Whereabouts of Venezuelan human rights attorney and her family remain unknown days after detentions

CARACAS, Venezuela (AP) — The whereabouts of a prominent human rights attorney, her daughter and ex-husband remained unknown Monday, three days after Venezuelan authorities detained her at the airport near the capital as she and her adult child awaited a flight to Miami, setting off condemnation inside and outside the South American country.

Attorneys for lawyer and activist Rocio San Miguel, Miranda Diaz San Miguel and Victor Diaz Paruta could not locate their clients Monday at detention facilities in Caracas despite confirmation Sunday from Attorney General Tarek William Saab of San Miguel’s detention.

Authorities have not acknowledged the detention of Miranda Diaz and Victor Diaz, but a family spokeswoman told The Associated Press Monday both were last seen Saturday at Simon Bolivar International Airport where they had returned to pick up the luggage left behind after San Miguel’s detention. Two brothers of San Miguel also went missing after she was taken into custody and are presumed detained.

Amid the uncertainty, more than 200 non-governmental organizations demanded their immediate release in a letter that also urged the international community to condemn the actions against San Miguel and her family. The United States government also expressed concern.

San Miguel, 57, has specialized in studying Venezuela’s shadowy, often corrupt armed forces. She is the head the non-governmental organization Control Ciudadano, which focuses on the defense of human rights, security and the armed forces.

Saab claimed San Miguel had been linked to a plot to kill President Nicolas Maduro and other officials and attack military units.

Victor Diaz’s sister, Minnie Diaz Paruta, told the AP that San Miguel was detained as she was about to go on vacation to Miami with Miranda Diaz. After her mother’s detention, she called her father and asked him to pick her up at the airport. The following day, Minnie Diaz, said her niece and brother returned to the airport getting a call regarding the abandoned luggage.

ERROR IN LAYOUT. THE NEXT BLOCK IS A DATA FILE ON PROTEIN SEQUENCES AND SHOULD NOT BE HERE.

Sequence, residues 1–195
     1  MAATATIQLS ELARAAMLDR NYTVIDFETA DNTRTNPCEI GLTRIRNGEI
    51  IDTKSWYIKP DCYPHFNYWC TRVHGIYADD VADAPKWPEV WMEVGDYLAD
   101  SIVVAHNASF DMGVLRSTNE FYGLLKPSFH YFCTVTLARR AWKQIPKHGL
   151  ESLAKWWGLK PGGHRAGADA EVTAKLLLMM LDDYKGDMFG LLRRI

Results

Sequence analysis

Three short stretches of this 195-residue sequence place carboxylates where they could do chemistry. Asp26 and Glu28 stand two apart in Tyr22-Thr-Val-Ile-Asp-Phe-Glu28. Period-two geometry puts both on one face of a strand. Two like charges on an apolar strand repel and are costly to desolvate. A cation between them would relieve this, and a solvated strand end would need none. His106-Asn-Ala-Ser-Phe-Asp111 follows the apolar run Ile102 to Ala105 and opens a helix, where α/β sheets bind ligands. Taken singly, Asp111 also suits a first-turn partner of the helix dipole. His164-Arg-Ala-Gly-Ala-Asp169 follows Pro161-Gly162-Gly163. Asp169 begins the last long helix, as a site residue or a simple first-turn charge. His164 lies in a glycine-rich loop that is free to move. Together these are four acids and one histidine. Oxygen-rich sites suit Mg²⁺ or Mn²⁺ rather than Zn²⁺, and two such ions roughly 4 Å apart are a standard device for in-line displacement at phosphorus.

Minnie Diaz said Miranda Diaz spent an hour at the airport, and after her father, waiting in the car, could not get a hold of her over the phone, an aunt asked airport personnel to call her over the intercom. She was called twice, Minnie Diaz said, then agents with Venezuela’s counterintelligence agency took her to an airport office where she saw Miranda in the distance before she was interviewed for about 90 minutes.

Minnie Diaz said the interview ended when an agent came into the interview room and told her Victor Diaz wanted her to know that he was being taken to “Boleita,” which is a neighborhood where Venezuela’s Directorate General of Military Counter-Intelligence has a detention center. Human rights experts with the United Nations have documented the existence of torture rooms in the center.

“Our main concern as a family is the integrity of their lives. We don’t know if they are alive. We don’t know what may be happening to them,” Minnie Diaz said. “Where are they? We want real proof and evidence of where they are, what physical conditions they are in.”

She said no arrest warrants or summons have been issued against her brother, who runs an insurance business, and her niece, who earned a journalism degree and was in Venezuela on vacation as she has lived in Europe for years.

Minnie Diaz added San Miguel and Miranda Diaz are dual citizens of Venezuela and Spain, whose consulate she hopes will intervene in the case.

San Miguel’s detention comes more than three months after the U.S. government rolled back some economic sanctions against Venezuela following Maduro’s commitment to hold an election in the second half of 2024, lift bans preventing adversaries from holding office and release political prisoners. His promises are part of an agreement signed in the Caribbean island of Barbados between his representatives and those of a faction of the opposition.

The Biden administration, via a tweet from its Venezuelan Affairs Unit based in neighboring Colombia, on Monday said San Miguel’s case “follows a worrying trend of apparently arbitrary arrests of democratic actors” and urged Maduro to follow through his commitments.

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